1. Archive

Change wasn't about Freaney, but about city

Re: Commission flaws will be fixed at polls, letter, June 25.

When will the residents who voted for the current Dunedin City Commission members come forward to defend their elected officials?

All we are seeing are letters about what a good person acting City Manager Moe Freaney is. Of course Moe is a great person! She is well-liked by almost everyone, is intelligent, articulate and a very competent person. I served on at least one citizen's committee with Moe and saw first hand what a capable person she is.

However, I don't think the letter writers chastising the City Commission understand that it was not about Moe Freaney's capabilities or intelligence.

The citizens of Dunedin elected their officials to be responsive to the needs and desires of the people who placed them in office. Is it just possible that the majority of Dunedin residents changed the makeup of the City Commission in order to effect some changes in how our city is run?

Perhaps residents want more accurate and timely information on Dunedin's finances. Maybe they want to see a different style of government. There are many issues affecting Dunedin citizens.

Just as people change over the years, so do the governing bodies of our communities, states and nation. Change is inevitable. The city still has hundreds of dedicated employees and it will continue to function just fine.

I have the feeling that many residents are not publicly voicing their opinions on this matter for fear of hurting Moe Freaney's feelings or somehow implying that she wasn't a good city manager. Moe carried herself in a most professional manner through a very difficult period and I believe she was intelligent enough to realize that our newly elected officials might wish to make some changes in our city's future direction.

It takes courage by our elected officials to make changes, which are not always popular with everyone. One recent letter writer said some of the most prominent and respected members of this community urged the commissioners to hire Ms. Freaney (as the permanent city manager). I believe there are many more prominent people in our community than the small number who publicly voiced their opinions.

And I don't believe for a minute that the people who appreciate and support our elected officials believe that this issue was about Moe Freaney. And I'm sure Moe knows it was not about her ability to do the job. I wish her well in her move up to the county.

Bill Douglas, Dunedin

Residents need to get united for good of Dunedin

Re: Disputes in Dunedin city government.

There is enough blame to go around for everyone for our current state of affairs, including the previous mayor, current mayor, commissioners and citizens.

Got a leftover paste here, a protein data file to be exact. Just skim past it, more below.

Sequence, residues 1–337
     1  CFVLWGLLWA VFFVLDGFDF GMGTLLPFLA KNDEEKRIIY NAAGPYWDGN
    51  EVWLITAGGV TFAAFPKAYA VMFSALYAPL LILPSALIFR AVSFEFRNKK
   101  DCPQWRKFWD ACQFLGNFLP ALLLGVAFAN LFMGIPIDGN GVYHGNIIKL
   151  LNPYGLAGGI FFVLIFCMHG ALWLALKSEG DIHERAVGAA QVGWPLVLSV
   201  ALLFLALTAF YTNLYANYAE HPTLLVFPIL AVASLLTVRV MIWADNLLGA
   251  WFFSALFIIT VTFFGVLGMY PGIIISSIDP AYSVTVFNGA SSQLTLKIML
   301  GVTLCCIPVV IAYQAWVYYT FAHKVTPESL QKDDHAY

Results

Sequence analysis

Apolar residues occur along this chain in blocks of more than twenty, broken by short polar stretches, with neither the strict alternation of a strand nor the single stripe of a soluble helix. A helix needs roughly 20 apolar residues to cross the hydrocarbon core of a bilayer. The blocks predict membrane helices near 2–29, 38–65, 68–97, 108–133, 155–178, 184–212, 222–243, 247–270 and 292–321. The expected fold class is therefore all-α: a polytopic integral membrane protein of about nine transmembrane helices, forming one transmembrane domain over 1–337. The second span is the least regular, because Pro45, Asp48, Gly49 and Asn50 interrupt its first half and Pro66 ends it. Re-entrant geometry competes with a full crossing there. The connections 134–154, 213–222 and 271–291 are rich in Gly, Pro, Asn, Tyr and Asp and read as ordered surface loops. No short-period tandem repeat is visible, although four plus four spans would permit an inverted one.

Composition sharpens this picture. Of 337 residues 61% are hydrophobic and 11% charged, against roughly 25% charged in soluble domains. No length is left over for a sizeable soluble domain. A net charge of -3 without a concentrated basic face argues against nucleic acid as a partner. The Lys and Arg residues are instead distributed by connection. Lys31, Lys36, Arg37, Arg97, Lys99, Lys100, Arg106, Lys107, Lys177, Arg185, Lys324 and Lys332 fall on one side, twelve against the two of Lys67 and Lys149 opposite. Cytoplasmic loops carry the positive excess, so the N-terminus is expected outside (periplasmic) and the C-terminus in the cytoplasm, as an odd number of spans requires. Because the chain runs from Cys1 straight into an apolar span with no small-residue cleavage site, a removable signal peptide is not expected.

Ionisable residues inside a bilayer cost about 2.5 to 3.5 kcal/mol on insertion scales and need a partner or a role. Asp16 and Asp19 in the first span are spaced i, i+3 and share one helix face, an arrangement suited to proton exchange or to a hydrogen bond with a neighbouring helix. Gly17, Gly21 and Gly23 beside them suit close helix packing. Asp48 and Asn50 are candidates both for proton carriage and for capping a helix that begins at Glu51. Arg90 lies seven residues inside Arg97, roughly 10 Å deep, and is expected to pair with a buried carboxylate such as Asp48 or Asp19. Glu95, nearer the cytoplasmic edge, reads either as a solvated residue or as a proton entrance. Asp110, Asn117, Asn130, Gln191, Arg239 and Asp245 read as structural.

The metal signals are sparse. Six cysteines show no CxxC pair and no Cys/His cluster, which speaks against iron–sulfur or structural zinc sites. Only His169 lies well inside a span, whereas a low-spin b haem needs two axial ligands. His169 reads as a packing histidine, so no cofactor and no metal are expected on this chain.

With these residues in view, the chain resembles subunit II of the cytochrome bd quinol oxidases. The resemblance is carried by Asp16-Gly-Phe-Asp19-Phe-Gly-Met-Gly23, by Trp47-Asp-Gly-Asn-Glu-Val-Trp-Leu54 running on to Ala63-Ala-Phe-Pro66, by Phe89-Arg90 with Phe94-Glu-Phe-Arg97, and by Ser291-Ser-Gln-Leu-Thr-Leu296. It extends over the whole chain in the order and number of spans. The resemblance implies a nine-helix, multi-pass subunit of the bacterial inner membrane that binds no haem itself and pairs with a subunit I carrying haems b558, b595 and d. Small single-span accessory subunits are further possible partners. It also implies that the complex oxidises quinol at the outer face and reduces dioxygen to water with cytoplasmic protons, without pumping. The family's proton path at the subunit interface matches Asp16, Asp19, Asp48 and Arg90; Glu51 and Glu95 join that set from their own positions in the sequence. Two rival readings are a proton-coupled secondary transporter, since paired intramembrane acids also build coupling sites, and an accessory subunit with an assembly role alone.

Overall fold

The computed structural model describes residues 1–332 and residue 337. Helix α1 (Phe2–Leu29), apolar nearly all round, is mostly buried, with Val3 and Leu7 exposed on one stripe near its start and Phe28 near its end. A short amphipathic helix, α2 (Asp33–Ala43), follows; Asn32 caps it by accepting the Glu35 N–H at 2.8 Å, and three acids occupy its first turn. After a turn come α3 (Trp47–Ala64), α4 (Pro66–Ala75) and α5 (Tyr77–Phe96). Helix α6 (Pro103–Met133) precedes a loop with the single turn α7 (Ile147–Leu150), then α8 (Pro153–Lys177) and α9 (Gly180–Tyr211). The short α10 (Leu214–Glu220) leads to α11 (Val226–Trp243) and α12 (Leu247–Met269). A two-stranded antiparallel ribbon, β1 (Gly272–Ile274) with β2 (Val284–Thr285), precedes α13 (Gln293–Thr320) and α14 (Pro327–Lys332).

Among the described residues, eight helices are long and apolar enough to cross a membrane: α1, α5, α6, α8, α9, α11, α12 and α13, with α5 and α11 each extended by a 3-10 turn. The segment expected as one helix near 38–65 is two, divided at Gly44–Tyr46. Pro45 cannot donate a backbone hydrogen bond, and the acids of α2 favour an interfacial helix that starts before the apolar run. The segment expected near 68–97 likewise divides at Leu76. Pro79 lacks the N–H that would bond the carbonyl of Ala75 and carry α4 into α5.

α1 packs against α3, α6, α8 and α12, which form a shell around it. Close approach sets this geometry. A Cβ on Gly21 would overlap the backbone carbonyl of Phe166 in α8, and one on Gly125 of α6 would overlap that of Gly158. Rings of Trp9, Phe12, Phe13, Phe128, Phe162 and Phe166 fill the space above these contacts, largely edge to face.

It seems that we enjoy airing our dirty linen in public via the media. I have not agreed with the City Commission on numerous topics in the last few years, but I usually address the commission or the individual commissioners in reference to my concerns.

The St. Petersburg Times has been the target of some of our citizens, but the duty of the media is to provoke discussion. We should not throw stones for problems that we created in Dunedin and should settle in Dunedin.

In our search for a city manager, whether we agree with the process is not important. Our only consideration should be to hire a qualified person and to offer assistance to the commissioners. We definitely need to stop this bickering that is going on between commissioners and citizens.

Our current commissioners were willing to serve and you and I were not. The commissioners were elected by you and me, if you voted, so let's get together and support them.

This is so typical of our country. We are so divided and have lost sight of the reason for our strength and prosperity. Since the Civil War, we have been united in purpose.

We could be more efficient at finding ways to get our Dunedin residents to vote. I have heard some say the turnout in the last city election was good, but where I come from, 22-plus percent of the people voting is not anything to write home about.

David E. Thomas Sr., Dunedin

Many to thank but also many who need a warning

My nephew, Jason Harrill, is dead at the age of 22 from a solo motorcycle accident. Allow me a small amount of space to thank some people.

To the kind lady who prayed over him as he lay on the hot asphalt, to the concerned witness who showed up at the hospital, to the paramedics who attended to him, to the helicopter pilot who flew him to Tampa General, to the compassionate nurses and the knowledgeable doctors, our family thanks you.

To the newspaper that broke the story and did another interview, my family thanks you.

To the TV station that attended the service to bring this danger to the public, my family thanks you.

To the more than 500 people who attended his funeral services, my family thanks you.

To the recipients of Jason's organs, my family welcomes you.

To the people who still ride these fast, imported motorcycles, my family warns you. Speed kills.

Linda Anderson, Adel, Ga.